So I figured I would read (or reread?) Alan Ginsberg's poem Kaddish. I went through my beat phase in my early 20's, gobbling up Kerouac, Corso, even Richard Brautigan (Trout Fishing in America anyone?). Of course, Ginsberg was the only Jew in the bunch and he was one of those Jews who runs away from his Jewishness yet never leaves it, a religious nonbeliever, embodying some the kinds of contradictions I find both pathetic and exciting.
He wrote one of his epic poems, called Kaddish, about the death of his mother, Naomi. As usual for Ginsberg, it's both a bitter lament yet bittersweet elegy. He even quotes the kaddish verbatim (ashkenazi accented, of course).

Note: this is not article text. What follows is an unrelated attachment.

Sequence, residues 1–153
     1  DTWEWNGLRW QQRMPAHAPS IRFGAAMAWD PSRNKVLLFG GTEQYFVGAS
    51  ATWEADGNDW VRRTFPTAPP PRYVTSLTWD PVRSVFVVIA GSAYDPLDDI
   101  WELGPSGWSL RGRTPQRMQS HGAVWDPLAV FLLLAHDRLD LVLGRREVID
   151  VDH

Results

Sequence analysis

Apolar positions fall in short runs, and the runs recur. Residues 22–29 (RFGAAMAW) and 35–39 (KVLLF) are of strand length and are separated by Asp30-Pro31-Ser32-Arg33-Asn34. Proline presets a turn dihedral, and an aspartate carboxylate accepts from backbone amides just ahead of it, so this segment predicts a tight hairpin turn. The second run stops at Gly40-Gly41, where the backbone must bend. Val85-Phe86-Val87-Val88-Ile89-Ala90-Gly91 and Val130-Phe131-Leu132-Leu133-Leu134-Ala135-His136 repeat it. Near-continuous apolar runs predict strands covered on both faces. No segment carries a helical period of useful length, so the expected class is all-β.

I would like to share these words from the poem, which I find moving and enigmatic:
"Nameless, One Faced, Forever beyond me, beginningless, endless, Father in death. Tho I am not here for this Prophecy, I am unmarried, I'm hymnless, I'm heavenless, headless in blisshood I would still adore.
Thee, heaven, after Death, only One blessed in Nothingness, not light or darkness, Dayless Eternity--
Take this, this Psalm, from me, burst from my hand in a day, some of my Time, now given to Nothing--to praise Thee--but death.
This is the end, the redemption from Wilderness, way for the Wonderer, House sought for All, black handkerchief washed clean by weeping--page beyond Psalm--Last change of mine and Naomi--to God's perfect Darkness--Death, stay thy phantoms!"
(Kaddish and Other Poems, pp 11-12).